Juhan Shuttai is a 10 episodes japanese drama that aired on TBS in 2016. It was directed by Doi Nobuhiro, Fukuda Ryosuke and Tsukahara Ayuko, and written by Nogi Akiko, based on a manga by Matsuda Naoko. It stars Kuroki Haru, the ever perfect Odagiri Joe, Sakaguchi Kentaro aka Sakappy, Yasuda Ken, Nagayama Kento, Kohinata Fumiyo, and really, a lot of people. It follows Kurokawa Kokoro who’s just become an editor for a manga magazine, after giving up a promising career in judo, because of a leg injury.
Another Sakappy-including drama, yay !
… but who cares lol.
T.T I’m sorry Sakappy, I love you, but how do you compete with:
Okay, so I watched this drama because OdaJoe, OdaJoe, OdaJoe, and also OdaJoe. See, I was frustrated because Tokyo Tarareba Musume didn’t deliver on the promise it never made, so I had to watch Juhan Shuttai. Because OdaJoe. But also because I was interested in the manga theme, because Ara recommended it (I swear, I sometimes watch stuff recommended by other people…), and because the show stars other actors I like, like Sakappy or bb Eita Nagayama Kento. Still, mostly: OdaJoe, OdaJoe, ODAJOE DAMN IT. And I very much enjoyed the drama. Not only because it was good (which it was) but also because, this drama clearly gets me, as this screencaps demonstrates:
This captures my everyday life so well…
Also, yes, the drama was good.
That said, I’ve got to warn you, potential reader: Juhan Shuttai was a “special” experience for me. I have an OdaJoe bias (maybe you noticed… if you didn’t, I’d get those eyes/reading skills checked) but also, I was basically live-fangirling via twitter, spamming two people (dear Ara and Max’s Opa) that also love OdaJoe, as all humans with eyes (and/or ears) do. Actually, just in case there isn’t enough OdaJoe in your life (and trust me, there isn’t… you could be living with the dude that there still wouldn’t be), you can get a quick look at what it was like by clicking here (don’t worry, it doesn’t spoil the plot, it’s 99.99% me fangirling over how perfect he is… because SOMEONE’s got to wear that Captain Obvious cape è.é). I’m actually quite good at seeing past actor bias (I think… I mean, I can’t be sure, that’s what a bias is, but I’ve hated enough movies/dramas starring my favs to think I do), but obviously, tweeting while watching alters the experience, so do take my post with a grain of salt.
Except don’t. Because its conclusion (spoiler :O) is that you should totally watch Juhan Shuttai, and don’t take that with a grain of salt, as, guess what, you totally should. Because, again, it was good (which is a pretty good reason to watch stuff).
First of all, it was really cool getting a glimpse into the world of mangas. We spend a lot of time with the editors, as our main lead learns the ropes, but actually, we get to see how authors work too, and even booksellers. We also briefly meet the printers, the people in charge of covers, and of course the readers. We even quickly get to see the sad fate awaiting all unsold copies of mangas. The drama obviously can’t go into every technical aspect in details, otherwise it’d be a documentary, but it does try to show us all the “parts” involved in the life of a manga. And to me, it felt interesting, because I like mangas, but to be honest, I don’t read that many of them, and don’t know a lot about how the “manga creating world” works. Especially the “manga magazine world” because when I do buy mangas and read them it’s always after they’ve become books. So it was nice watching the process, and learning stuff, like what a “name” is (basically it’s a storyboard), or an “aori” (want to know what it is ? watch the show !… or, you know, google it… but also: do watch the show), or of course what “Juhan Shuttai” means (it’s when a book’s sold out, gets a second impression, and editors get to make a little dance).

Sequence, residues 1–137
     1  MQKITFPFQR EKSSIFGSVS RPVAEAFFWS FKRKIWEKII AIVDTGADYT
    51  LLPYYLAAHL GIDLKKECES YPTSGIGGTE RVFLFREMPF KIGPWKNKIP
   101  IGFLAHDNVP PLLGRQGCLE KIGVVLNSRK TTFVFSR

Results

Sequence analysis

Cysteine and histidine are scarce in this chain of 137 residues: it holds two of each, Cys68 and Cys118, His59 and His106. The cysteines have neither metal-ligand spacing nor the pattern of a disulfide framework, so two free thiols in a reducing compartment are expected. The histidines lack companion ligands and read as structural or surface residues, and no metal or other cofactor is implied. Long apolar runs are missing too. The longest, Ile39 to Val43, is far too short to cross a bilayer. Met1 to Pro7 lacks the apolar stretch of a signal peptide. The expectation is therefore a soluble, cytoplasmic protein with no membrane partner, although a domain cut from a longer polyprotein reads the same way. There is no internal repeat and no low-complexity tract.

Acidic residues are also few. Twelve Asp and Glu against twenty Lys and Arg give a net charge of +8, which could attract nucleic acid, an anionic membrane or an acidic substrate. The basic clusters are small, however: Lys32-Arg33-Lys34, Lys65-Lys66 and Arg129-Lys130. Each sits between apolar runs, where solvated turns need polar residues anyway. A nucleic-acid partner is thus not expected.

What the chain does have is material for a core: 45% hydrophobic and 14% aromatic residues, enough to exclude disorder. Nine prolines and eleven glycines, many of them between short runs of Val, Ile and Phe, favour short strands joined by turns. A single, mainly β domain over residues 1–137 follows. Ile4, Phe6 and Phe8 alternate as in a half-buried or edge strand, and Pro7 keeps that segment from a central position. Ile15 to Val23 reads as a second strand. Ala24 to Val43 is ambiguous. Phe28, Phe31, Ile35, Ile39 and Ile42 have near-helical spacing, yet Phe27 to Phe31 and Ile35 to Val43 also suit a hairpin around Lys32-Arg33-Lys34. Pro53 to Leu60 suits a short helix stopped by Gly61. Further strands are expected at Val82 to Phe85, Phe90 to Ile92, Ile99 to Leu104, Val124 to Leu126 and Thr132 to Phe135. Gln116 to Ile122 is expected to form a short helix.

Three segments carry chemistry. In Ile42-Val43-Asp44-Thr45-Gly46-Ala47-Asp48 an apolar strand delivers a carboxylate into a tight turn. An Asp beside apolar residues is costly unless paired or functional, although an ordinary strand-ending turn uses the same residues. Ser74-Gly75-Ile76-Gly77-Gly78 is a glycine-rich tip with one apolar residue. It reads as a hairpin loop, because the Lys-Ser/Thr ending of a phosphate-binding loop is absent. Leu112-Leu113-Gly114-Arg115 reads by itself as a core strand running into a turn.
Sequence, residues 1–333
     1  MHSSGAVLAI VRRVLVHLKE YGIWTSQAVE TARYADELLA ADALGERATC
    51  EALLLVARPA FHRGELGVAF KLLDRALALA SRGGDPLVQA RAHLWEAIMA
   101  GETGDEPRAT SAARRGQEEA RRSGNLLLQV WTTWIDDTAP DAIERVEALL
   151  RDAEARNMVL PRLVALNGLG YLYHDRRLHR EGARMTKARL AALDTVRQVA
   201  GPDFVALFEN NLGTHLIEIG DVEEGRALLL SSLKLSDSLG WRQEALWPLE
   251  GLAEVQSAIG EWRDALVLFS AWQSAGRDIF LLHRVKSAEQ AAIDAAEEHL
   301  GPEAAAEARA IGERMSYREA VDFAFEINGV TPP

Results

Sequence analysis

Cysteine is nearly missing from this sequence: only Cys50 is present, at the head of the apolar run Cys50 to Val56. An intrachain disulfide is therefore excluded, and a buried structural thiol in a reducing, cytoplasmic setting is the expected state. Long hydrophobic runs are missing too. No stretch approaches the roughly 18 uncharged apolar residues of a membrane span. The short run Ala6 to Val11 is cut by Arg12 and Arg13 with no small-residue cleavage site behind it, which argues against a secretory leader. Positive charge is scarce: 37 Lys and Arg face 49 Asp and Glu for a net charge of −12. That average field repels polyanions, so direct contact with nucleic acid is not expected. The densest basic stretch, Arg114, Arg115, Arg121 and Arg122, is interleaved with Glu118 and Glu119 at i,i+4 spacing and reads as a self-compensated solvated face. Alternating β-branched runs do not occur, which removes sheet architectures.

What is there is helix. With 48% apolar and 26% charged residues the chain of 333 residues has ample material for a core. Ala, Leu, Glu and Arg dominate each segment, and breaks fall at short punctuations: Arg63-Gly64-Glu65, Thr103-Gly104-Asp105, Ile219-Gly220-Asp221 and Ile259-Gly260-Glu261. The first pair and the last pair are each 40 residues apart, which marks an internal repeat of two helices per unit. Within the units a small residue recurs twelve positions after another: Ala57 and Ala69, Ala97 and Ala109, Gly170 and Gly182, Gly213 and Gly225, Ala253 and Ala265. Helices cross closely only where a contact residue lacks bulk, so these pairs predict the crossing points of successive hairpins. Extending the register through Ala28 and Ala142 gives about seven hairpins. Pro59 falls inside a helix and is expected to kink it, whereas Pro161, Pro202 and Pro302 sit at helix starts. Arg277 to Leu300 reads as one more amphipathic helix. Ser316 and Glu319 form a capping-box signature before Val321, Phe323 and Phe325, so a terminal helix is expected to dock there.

And while the drama shows us the “technical stuff”, it also explores what books and mangas mean. How they can help people from different countries communicate because they share a love for one manga, how books are shaped like birds when open and can become wings for people who need to escape hardship, or just want to elevate themselves, how they can touch you so deeply you might just find a part of yourself you had lost and feel human again, etc. Although I read less now, I do love books (and fiction in general), and was that kid that read as if her life depended on it, so I was often touched by the way the drama talked about them. And of course, it doesn’t just explore what books mean to their readers, but also what they mean to their authors who put so much of themselves in their work, and how the “life” of those books affect the life of their creators. It’s not dwelled upon too long but I also liked the little pieces about some bookshops having a hard time, or how e-books have become better and can be seen as a danger to paperbacks, but are also a great way to bring back old works and present them to a new generation, giving those works a new life. The times are changing, and mangas are adapting. Juhan Shuttai is not a think-piece on those things but it gives a nice feel of what working in that industry might be like. Now, again, as the quirky vibe does remind us, this is not a documentary, so it shouldn’t be taken as such, but it is a manga adaptation, so at least, the original author probably has an idea how things work (or at least work around her), and the love for manga really comes through. Which is nice.
Also nice: the characters.
There are quite a lot of them, and I’m happy to report that I basically liked all of them. Our female lead, Kokoro, was especially engaging. She’s fun, and cute, and bright, and super-motivated… it could be annoying, but it really isn’t. Sometimes the always-cheerful characters can be grating, but Kokoro never is, and to me, there was three reasons for this:
(1) the actress, Kuroki Haru, finds the right balance, and is very charming. Kokoro is quirky and enthusiastic but not hyper.